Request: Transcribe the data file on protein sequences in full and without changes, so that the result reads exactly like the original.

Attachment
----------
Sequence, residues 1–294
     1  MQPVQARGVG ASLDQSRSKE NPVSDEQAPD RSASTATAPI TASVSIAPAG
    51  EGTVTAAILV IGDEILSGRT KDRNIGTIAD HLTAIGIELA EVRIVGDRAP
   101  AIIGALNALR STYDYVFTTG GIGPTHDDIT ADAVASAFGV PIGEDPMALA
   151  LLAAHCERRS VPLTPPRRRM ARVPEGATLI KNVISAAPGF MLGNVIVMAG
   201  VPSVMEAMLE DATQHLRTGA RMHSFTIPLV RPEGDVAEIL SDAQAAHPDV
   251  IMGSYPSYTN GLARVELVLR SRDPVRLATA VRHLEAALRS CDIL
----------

Sequence, residues 1–294
     1  MQPVQARGVG ASLDQSRSKE NPVSDEQAPD RSASTATAPI TASVSIAPAG
    51  EGTVTAAILV IGDEILSGRT KDRNIGTIAD HLTAIGIELA EVRIVGDRAP
   101  AIIGALNALR STYDYVFTTG GIGPTHDDIT ADAVASAFGV PIGEDPMALA
   151  LLAAHCERRS VPLTPPRRRM ARVPEGATLI KNVISAAPGF MLGNVIVMAG
   201  VPSVMEAMLE DATQHLRTGA RMHSFTIPLV RPEGDVAEIL SDAQAAHPDV
   251  IMGSYPSYTN GLARVELVLR SRDPVRLATA VRHLEAALRS CDIL